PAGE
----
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Tort Law Directions

Tort Law Directions (8th edn)

Carol Brennan
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date: 29 May 2024

p. 232. Negligence: duty of carelocked

p. 232. Negligence: duty of carelocked

  • Carol BrennanCarol BrennanTeaching Fellow on the Undergraduate Laws Programme, University of London

Abstract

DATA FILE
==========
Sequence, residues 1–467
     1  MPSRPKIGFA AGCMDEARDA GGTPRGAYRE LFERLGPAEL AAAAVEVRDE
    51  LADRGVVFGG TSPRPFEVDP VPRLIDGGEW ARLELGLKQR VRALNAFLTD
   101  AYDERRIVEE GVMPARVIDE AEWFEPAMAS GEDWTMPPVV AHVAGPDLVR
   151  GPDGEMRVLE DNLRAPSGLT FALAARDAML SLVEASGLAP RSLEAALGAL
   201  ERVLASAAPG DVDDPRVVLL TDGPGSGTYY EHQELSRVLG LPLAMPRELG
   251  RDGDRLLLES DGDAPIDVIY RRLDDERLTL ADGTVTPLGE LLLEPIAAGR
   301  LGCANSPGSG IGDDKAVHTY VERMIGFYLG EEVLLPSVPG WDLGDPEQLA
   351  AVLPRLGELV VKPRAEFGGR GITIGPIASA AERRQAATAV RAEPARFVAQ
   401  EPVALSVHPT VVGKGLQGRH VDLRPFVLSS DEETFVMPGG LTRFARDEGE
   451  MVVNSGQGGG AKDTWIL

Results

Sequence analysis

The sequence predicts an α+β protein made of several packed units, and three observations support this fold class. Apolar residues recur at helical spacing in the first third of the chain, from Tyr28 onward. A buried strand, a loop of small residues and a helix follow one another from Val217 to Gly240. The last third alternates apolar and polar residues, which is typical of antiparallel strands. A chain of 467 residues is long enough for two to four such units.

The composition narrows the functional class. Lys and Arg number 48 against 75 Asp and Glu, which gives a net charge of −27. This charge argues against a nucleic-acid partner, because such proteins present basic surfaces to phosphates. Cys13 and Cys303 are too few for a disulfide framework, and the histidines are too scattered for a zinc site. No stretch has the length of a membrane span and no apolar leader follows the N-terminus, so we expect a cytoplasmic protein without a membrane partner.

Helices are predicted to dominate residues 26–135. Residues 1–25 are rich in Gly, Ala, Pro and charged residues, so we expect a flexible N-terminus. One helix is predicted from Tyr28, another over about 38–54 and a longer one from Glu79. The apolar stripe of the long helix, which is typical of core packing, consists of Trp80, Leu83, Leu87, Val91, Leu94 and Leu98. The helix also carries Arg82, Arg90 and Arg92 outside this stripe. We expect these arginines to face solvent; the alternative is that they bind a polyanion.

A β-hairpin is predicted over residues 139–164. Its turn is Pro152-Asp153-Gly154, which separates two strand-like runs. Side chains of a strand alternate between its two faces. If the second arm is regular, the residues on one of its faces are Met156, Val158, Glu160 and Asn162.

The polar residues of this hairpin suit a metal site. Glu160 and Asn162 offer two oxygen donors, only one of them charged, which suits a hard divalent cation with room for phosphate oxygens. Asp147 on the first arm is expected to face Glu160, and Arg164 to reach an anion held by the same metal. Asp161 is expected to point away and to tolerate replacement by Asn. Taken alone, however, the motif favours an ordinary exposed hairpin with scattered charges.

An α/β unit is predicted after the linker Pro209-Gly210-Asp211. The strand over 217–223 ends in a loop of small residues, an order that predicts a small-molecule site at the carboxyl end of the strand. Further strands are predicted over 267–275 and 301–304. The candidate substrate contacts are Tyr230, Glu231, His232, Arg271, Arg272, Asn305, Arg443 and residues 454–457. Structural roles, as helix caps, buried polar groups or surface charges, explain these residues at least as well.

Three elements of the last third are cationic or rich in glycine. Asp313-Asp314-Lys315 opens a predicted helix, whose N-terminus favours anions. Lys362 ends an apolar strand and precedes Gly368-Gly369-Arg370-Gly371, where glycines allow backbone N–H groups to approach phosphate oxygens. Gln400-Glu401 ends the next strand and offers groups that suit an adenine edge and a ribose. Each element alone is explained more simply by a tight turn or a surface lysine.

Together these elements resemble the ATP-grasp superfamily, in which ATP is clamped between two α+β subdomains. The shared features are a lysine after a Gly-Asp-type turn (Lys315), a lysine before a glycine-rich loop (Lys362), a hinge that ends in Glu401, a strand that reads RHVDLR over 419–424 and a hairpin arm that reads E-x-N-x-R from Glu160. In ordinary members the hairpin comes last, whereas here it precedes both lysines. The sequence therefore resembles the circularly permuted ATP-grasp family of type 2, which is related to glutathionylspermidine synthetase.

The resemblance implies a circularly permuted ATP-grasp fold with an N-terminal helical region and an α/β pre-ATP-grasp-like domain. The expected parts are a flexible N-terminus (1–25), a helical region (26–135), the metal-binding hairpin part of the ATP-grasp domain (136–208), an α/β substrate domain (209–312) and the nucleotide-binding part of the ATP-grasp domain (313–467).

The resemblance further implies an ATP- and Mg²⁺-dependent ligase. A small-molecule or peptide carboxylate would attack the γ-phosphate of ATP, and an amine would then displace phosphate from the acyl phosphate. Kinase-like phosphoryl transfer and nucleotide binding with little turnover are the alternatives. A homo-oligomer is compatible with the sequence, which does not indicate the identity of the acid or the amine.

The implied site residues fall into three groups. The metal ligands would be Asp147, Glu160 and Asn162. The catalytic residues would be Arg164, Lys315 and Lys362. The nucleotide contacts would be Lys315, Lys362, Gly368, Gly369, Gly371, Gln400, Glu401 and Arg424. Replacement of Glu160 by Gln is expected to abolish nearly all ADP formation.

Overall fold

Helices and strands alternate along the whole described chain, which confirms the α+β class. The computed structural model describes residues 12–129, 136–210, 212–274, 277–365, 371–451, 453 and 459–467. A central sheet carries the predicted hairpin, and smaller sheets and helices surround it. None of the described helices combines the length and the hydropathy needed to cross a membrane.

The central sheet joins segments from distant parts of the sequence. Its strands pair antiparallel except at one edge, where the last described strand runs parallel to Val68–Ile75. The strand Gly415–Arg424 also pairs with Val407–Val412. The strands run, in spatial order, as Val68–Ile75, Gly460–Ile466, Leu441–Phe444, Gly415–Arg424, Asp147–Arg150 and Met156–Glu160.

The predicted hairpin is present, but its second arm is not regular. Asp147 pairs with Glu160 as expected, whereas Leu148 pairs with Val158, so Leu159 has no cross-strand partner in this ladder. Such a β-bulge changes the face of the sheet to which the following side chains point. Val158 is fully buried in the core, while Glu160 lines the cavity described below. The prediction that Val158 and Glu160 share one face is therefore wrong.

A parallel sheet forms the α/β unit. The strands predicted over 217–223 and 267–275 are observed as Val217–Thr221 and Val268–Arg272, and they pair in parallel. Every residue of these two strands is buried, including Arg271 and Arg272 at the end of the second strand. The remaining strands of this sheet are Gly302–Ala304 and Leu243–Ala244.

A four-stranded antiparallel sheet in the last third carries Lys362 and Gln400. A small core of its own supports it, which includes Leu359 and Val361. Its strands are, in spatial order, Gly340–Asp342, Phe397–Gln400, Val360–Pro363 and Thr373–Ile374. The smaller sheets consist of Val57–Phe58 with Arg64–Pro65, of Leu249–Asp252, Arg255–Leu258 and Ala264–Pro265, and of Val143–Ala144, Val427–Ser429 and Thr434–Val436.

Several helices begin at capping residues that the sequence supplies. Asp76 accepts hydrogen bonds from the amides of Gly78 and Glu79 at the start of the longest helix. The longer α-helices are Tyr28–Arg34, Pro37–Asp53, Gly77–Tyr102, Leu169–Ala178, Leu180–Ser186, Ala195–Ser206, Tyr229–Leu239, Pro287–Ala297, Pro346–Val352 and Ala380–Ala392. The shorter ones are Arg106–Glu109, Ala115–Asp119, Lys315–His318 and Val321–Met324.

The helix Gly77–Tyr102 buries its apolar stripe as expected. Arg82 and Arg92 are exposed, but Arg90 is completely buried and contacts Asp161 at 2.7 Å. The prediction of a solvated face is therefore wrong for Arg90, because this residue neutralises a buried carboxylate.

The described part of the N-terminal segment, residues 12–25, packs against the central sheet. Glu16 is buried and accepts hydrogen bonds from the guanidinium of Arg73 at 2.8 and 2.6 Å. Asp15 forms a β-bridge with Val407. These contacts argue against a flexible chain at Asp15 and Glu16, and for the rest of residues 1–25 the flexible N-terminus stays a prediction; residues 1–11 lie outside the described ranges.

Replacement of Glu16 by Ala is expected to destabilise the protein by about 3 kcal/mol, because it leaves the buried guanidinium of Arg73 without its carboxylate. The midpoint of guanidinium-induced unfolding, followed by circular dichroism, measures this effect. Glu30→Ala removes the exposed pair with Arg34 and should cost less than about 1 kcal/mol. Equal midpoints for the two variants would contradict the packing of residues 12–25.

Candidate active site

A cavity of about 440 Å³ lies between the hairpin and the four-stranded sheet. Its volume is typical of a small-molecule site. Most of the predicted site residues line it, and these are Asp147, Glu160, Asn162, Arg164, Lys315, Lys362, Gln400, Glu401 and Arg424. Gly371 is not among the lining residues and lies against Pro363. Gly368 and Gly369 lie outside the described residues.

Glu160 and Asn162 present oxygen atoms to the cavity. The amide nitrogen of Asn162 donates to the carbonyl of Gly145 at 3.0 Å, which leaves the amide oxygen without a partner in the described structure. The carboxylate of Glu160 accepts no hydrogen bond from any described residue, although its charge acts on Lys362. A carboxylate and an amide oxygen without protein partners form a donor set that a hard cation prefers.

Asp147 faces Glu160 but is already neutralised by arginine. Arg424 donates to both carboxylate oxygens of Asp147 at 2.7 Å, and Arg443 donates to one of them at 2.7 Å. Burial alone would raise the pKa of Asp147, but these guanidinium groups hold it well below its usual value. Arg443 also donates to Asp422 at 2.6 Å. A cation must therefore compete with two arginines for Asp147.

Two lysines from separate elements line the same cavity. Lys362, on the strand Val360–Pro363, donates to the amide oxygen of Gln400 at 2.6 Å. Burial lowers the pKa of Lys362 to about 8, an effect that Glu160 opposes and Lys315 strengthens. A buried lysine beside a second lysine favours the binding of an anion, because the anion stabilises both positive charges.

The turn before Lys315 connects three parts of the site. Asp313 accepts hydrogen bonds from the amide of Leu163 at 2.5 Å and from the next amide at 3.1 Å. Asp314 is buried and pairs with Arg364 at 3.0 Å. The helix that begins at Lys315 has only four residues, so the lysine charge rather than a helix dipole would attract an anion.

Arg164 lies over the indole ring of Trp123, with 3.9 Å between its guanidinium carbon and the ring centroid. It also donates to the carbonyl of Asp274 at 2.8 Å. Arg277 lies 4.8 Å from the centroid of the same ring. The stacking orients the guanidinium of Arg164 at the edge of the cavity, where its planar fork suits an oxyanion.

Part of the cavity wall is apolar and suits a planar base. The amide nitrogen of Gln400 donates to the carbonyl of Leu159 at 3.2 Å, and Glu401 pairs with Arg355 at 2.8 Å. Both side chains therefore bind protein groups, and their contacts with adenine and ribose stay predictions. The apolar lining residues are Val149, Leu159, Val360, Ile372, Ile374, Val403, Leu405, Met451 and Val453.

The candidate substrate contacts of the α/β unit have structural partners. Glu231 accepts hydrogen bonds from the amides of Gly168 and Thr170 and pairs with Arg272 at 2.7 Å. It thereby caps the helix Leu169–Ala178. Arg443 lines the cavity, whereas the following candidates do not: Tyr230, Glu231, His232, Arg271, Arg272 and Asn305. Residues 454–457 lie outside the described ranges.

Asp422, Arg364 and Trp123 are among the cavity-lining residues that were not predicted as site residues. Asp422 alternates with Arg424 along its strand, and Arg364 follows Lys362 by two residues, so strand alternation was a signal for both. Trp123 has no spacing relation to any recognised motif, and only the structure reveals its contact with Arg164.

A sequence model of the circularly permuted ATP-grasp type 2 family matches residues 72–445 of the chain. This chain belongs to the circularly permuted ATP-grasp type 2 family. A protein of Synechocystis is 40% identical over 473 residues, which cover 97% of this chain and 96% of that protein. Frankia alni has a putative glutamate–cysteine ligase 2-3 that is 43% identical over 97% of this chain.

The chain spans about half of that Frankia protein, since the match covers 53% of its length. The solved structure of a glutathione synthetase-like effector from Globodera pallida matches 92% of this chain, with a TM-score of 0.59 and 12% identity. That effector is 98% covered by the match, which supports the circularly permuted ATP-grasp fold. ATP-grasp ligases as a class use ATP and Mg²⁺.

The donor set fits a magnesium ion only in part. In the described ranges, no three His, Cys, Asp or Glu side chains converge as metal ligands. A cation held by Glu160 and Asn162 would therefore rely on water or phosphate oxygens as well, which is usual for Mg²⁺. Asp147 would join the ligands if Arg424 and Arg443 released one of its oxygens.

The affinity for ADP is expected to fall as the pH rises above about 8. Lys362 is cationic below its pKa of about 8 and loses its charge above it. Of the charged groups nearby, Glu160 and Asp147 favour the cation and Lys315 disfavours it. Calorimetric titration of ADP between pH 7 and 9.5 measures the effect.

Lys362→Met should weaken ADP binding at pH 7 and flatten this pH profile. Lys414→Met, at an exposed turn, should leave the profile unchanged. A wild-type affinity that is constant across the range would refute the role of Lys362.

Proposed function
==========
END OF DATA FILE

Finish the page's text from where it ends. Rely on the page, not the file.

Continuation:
Without assuming prior legal knowledge, books in the Directions series introduce and guide readers through key points of law and legal debate. Questions, diagrams, and exercises help readers to engage fully with each subject and check their understanding as they progress. Negligence is a tort in its own right and involves an unintentional wrong as opposed to trespass which involves an intentional wrong. It has three main elements: duty of care (whether the defendant owes the claimant a duty of care), breach (whether the defendant has breached that duty), and damage (whether that breach has caused damage of a legally recognized kind to the claimant). Duty of care is determined by proximity, foreseeability, and policy and is most likely to be established in cases of positive acts which cause physical injury or property damage. This chapter provides an overview of the history of negligence and discusses the function of duty of care in negligence. It also considers the way duty of care has been defined and developed and applies the principles of duty of care in the areas of omissions and liability of public bodies.

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